Those of you in the business world may be aware that this week is International Networking Week®. It’s a week where businesses across the world are encouraged to strengthen their networking prowess and step outside of their comfort zone to foster new business relationships. The role networking plays in the development and success of businesses globally is no secret, and this year’s International Networking Week® is a great reminder to get the ball rolling when it comes to networking for your business, and strengthening your skills in the area.
INW® is internationally recognized and features tens of thousands of global participants. The initiative comprises of a number of networking events across the world, which aim to bring together representatives of government, business and the community. The events held are also a great way to gain further insight into the concept of good networking, as key networking specialists provide advice and information via talks held across the globe.
The purpose of this week is quite simple. To re-instate the importance of networking for business success, and facilitating those all-important relationships via their initiatives. Invitations to attend are open to the wider business community, members of networking organizations, students, press and interested parties from ALL levels of government and business.
International Networking Week® is an initiative that has been created by BNI®. BNI® is globally recognized networking group, that provides supportive networking environments for business professionals – enabling them to exchange and develop ideas as well as promote potential business relationships. You may even have a BNI group in your local area.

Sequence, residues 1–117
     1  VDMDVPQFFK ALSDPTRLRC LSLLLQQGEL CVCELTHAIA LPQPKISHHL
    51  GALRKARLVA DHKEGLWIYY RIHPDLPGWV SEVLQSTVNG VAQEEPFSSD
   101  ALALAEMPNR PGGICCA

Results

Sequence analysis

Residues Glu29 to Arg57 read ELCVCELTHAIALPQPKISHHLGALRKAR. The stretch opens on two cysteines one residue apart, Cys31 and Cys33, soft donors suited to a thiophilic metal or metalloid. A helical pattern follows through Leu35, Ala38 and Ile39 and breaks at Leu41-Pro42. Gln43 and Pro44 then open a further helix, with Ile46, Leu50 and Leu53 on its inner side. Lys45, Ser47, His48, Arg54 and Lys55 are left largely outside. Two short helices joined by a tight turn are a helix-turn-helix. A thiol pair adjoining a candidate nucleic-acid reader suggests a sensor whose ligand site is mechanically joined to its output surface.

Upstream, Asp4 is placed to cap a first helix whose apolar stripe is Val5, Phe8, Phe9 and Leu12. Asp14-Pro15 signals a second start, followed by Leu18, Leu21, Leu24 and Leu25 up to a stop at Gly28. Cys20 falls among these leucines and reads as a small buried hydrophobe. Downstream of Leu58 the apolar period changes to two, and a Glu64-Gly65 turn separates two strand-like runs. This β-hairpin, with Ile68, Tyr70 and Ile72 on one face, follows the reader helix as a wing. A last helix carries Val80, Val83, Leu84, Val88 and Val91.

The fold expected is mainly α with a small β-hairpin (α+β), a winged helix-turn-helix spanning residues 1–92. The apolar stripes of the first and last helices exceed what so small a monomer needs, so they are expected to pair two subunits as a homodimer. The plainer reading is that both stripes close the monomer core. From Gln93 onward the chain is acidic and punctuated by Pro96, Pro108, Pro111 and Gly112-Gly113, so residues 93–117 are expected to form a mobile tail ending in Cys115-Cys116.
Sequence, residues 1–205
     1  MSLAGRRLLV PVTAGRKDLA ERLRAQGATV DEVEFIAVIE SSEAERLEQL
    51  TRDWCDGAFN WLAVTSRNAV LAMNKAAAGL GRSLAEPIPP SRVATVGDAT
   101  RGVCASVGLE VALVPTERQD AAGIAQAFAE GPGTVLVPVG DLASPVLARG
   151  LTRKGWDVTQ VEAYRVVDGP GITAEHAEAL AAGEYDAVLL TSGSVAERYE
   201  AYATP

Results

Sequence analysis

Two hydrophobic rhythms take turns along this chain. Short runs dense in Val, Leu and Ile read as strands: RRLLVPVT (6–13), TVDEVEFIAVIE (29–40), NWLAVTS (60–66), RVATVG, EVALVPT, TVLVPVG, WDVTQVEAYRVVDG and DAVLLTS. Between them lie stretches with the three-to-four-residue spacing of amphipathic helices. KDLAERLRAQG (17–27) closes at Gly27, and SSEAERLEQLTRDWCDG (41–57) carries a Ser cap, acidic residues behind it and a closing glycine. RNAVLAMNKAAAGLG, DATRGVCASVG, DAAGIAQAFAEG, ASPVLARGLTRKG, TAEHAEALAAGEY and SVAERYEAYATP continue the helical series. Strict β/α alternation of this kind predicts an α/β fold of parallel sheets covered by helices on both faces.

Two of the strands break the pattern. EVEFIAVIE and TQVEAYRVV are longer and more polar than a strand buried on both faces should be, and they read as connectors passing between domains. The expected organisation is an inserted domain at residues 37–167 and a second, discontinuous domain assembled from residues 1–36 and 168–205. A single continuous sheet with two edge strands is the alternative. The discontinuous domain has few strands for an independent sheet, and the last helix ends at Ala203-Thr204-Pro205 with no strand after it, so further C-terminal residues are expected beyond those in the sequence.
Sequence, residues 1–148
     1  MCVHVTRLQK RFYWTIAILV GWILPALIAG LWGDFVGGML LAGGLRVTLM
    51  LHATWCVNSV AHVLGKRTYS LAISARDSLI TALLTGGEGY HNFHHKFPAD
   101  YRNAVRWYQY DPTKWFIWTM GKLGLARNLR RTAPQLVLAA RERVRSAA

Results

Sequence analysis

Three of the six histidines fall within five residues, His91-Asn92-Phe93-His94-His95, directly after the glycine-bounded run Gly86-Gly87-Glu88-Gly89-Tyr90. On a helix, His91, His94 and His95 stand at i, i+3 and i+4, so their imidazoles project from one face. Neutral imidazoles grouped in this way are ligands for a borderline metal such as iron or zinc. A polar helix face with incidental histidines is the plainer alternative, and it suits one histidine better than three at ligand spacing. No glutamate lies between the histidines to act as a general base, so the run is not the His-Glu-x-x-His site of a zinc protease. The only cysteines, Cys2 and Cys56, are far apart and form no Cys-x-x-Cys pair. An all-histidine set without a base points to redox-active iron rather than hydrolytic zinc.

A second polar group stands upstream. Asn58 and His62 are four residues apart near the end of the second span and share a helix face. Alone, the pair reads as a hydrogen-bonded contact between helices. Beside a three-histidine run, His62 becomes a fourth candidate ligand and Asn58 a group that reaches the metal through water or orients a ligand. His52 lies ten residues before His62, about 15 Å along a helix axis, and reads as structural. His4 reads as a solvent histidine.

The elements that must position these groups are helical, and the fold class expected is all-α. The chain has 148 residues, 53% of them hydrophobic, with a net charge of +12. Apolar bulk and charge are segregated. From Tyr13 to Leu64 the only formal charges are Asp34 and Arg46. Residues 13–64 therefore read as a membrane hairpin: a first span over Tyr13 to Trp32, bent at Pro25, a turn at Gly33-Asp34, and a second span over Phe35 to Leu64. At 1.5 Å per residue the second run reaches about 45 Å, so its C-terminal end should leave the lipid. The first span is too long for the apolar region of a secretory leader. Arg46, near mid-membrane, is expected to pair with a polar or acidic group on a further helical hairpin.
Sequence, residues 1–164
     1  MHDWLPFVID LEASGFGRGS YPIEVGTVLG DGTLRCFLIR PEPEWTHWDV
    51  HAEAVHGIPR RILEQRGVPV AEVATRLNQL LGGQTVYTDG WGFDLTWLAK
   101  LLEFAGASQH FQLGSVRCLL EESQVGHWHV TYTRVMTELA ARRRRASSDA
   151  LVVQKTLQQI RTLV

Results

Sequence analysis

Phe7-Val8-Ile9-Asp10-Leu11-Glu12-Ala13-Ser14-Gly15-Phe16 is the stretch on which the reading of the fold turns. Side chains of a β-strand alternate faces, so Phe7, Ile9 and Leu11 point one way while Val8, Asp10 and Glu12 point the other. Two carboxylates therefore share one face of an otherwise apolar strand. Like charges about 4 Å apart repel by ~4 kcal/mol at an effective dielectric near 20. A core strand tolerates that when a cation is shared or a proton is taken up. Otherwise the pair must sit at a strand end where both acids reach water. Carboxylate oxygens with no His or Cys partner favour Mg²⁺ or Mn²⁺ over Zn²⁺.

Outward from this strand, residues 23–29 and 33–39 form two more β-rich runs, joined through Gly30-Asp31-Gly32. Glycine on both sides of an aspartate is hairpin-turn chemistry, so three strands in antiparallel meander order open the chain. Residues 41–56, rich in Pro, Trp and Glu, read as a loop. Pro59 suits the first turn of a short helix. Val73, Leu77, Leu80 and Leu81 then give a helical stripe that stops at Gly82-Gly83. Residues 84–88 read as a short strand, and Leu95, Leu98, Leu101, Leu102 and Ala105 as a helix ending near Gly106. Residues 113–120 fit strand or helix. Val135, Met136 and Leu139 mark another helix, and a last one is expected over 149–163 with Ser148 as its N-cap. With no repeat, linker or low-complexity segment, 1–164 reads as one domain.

Although the week might almost be over, it’s still a great excuse to hone in on your networking skills and fine tune some areas that you perhaps lack strength. Make the most of what’s left of this week’s INW® by implementing some of our key networking strategies listed below.
- Make eye contact
This is networking 101. As obvious as it may be, it is clichéd for a reason. Maintaining eye contact ensures you remain engaged and focused on the conversation. Equally, it automatically shows that you respect the person you are conversing with as well as showing them that you are interested in what they have to say.
- Listen more – talk less
You are more likely to impress someone by your interest in them rather than their interest in you. Ask questions that show you’re interested, and ask questions that serve to open the discussion further. You are in a much better position to learn once you are willing to listen, and the person you are speaking with will be impressed and grateful for your humble and inquisitive attitude.
- Keep an eye on your body language
Are your arms crossed? Are you fidgeting? Are your eyes darting across the room, easily distracted? Are you standing too close? These are similar questions to what you’d ask yourself before going into a job interview, and in reality, networking is quite similar. Every individual’s body has little insights into how they are truly feeling, and whether the conversation between you and a potential client/friend etc. is going well or not, it’s your job to ensure your body is not betraying you.